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This volume emerged from the notion that marketers and lawyers often talk about the same things. They may use different names, but essentially the things they talk about are the same. For example, while marketers talk about brands, lawyers talk about trademarks. However, relatively late in the process of editing this volume, we, as editors, had a somewhat unsettling realization. Throughout the planning and editing process for this book, we had been laboring under, not unrelated, but certainly not identical, views about the domain of marketing and the reach of law. We had no real common understanding of what marketing is, what marketing theory entails, and how the law shapes and governs marketing activities. Such a state of affairs is part of the inevitable risk of bringing together a group of scholars from two distinct disciplines. Fortunately, the realization helped us recognize that both marketing and law are sometimes vessels into which users can pour whatever content they wish. At the start, therefore, we thought it wise to dispense with some misconceptions and offer at least some working definitions of the terms and ideas we encounter in this volume.
Surveys in trademark, trade dress, and false advertising cases often focus on liability. For example, in trademark cases, the focus of survey evidence has often been on whether consumers confuse the two marks. Similarly, survey evidence in false advertising cases has focused on whether the at-issue advertising claim misleads or deceives consumers. Surveys that address these issues of alleged confusion or deception measure consumer “perception,” and the results are often the centerpiece of a plaintiff’s liability arguments. While such questions may be central to cases that seek an injunction or aim to prevent the issuance of a new trademark, they are less relevant in questions of impact or injury.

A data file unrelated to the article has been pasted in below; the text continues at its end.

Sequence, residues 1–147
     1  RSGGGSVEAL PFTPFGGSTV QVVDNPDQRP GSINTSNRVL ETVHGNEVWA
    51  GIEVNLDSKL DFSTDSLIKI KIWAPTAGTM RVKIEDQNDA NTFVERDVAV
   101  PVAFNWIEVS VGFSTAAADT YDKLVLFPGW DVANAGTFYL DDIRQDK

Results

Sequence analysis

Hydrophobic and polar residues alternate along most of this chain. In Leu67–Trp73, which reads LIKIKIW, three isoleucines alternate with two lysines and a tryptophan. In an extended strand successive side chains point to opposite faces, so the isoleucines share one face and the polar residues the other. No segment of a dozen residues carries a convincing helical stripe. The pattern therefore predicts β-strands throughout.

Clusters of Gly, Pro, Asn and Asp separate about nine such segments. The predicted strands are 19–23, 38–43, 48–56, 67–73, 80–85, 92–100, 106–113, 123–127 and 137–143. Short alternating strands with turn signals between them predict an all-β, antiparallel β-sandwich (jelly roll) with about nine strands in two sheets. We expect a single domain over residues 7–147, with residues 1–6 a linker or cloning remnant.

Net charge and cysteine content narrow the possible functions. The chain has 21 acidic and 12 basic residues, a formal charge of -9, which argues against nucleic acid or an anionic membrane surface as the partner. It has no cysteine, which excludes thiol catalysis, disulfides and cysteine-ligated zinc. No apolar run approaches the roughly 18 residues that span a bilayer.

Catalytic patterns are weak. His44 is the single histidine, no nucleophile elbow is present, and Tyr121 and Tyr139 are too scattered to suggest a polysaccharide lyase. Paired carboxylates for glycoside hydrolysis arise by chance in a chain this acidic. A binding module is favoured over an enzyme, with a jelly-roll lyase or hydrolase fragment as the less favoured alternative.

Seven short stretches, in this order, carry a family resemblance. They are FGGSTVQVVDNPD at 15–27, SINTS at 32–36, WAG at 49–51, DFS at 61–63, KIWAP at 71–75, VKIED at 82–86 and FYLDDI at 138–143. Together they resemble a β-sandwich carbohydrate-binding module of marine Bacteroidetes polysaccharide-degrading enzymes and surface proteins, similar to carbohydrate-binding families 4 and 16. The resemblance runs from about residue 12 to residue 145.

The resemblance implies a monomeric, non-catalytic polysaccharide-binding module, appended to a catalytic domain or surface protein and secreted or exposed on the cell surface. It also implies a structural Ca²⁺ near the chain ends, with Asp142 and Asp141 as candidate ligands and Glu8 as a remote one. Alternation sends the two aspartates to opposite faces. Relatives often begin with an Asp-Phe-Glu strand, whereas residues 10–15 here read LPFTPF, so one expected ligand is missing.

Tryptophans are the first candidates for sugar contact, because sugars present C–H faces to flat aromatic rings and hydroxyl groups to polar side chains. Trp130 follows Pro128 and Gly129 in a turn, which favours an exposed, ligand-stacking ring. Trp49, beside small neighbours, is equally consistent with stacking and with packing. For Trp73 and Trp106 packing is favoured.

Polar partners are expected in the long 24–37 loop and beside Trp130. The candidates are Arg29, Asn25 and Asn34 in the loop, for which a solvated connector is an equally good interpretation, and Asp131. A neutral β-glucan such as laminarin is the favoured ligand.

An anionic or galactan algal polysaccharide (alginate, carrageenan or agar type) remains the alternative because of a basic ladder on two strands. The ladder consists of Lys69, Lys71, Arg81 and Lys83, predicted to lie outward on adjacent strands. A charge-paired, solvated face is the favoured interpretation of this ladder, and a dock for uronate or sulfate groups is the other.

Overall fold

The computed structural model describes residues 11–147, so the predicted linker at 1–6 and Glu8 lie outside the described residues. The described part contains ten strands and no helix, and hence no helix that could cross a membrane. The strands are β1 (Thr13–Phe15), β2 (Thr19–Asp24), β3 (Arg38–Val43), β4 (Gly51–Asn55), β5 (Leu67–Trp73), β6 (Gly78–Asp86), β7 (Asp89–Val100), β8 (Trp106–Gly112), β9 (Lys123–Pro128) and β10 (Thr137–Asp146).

This handbook examines a wide range of current legal and policy issues at the intersection of marketing and the law. Focusing on legal outcomes that depend on measurements and interpretations of consumer and firm behavior, the chapters explore how consumers form preferences, perceptions, and beliefs, and how marketers influence them. Specific questions include the following: How should trademark litigation be valued and patent damages assessed? What are the challenges in doing so? What divides certain marketing claims between fact and fiction? Can a litigant establish secondary meaning without a survey? How can one extract evidence on consumer behavior with the explosion of social media? This unique volume at the intersection of marketing and the law brings together an international roster of scholars to answer these questions and more.
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